My rating: 4 of 5 stars
The Pinks is a book about the women that worked for Allan Pinkerton and his Pinkerton Detective Agency in the years before, during, and after the American Civil War. The author makes it very clear that in hiring these women, especially Kate Warne, Pinkerton was far ahead of his time. Kate Warne led the Pinkerton women – or “Pinks” – and was a master of disguise and espionage. Her actions, as well as those of the women in her network, saved thousands of lives in the war and paved the way for women in the police force (although that would not truly become commonplace for over 100 years later).
Kate Warne had gumption, initiative, and courage. She was resourceful, creative, and perhaps just the right amount of crazy. She fit right in with the Pinkerton Detective Agency, despite being the first woman on the payroll. Her disguises and acting abilities were masterful and crucial to Pinkerton cases involving everything form murder and robbery to espionage and conspiracy. Allan Pinkerton credits her efforts with saving thousands of lives during the Civil War, as well as solving many high-stakes cases. This book provides the harrowing detail of some of the most notorious cases of the Pinkerton ladies. Kate had her hand in all of them, although there were other women, some of whom paid for their efforts with their lives. This is an illuminating tale of one of the parts of history that deserves more of our attention and respect.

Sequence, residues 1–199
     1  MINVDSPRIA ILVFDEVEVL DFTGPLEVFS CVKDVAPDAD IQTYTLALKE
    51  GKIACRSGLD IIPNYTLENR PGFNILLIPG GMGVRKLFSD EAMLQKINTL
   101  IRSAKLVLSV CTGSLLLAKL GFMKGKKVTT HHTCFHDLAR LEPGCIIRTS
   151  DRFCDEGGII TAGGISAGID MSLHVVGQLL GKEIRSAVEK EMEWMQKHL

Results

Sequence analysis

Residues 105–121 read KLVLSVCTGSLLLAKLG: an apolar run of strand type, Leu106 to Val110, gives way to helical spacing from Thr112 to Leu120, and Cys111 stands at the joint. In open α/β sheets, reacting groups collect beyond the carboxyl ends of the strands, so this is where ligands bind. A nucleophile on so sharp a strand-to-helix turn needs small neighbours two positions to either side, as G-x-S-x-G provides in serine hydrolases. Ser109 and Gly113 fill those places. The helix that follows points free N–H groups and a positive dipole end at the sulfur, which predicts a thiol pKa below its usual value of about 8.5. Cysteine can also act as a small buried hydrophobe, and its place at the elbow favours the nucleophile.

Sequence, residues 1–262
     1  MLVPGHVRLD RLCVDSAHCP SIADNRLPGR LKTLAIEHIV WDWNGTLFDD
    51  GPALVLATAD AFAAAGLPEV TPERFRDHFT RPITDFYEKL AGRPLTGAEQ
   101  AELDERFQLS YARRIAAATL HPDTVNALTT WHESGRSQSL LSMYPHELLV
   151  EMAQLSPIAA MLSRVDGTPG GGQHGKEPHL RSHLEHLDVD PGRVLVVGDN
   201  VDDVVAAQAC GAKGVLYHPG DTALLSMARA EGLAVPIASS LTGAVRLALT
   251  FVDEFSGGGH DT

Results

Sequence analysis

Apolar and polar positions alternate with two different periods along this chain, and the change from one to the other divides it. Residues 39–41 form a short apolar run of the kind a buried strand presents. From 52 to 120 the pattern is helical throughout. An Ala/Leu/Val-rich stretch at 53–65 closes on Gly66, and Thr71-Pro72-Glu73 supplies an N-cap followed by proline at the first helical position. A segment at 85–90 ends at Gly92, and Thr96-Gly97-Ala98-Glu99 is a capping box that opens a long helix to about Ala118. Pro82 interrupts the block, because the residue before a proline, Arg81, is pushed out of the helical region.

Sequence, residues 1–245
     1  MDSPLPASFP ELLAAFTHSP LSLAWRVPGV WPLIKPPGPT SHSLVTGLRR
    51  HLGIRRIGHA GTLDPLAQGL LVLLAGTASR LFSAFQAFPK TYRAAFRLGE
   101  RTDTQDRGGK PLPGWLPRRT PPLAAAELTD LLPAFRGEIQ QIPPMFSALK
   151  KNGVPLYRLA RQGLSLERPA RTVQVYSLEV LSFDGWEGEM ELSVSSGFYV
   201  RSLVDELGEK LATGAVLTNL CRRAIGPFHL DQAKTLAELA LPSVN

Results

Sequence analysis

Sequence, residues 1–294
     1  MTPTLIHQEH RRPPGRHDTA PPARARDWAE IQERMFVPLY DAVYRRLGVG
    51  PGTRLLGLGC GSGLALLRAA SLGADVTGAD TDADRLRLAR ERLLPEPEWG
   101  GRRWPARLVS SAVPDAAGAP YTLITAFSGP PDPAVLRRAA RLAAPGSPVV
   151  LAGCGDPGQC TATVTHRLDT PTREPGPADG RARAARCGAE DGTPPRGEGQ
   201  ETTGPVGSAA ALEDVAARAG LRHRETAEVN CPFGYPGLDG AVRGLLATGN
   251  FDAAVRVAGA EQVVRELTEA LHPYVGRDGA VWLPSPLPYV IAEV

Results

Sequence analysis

This book was very well written with only a couple of very minor grammatical errors. It has been very well edited for form and grammar. In that respect it is a joy to read.
This book is also very well researched, relying in large part on the personal recollections of Allan Pinkerton himself, among others. Each chapter is a unique story, and as such each chapter has it’s own bibliography. This can make the book feel a bit disjointed, but goes to show how thorough the author was in their research.
The biggest criticism I have for this book is the ending. It’s far too abrupt! The author seems to make an attempt at a summarization ending in the final story. It could, however, benefit from an epilogue of some sort. The ending feels rushed, as though the author wasn’t quite sure how to end so they just included the summarization with the final story. It was a quick read, but one might think a bit too quick.
This is a fascinating and quick read! It is well-written, thoroughly researched, and certainly worth your time. I recommend this book!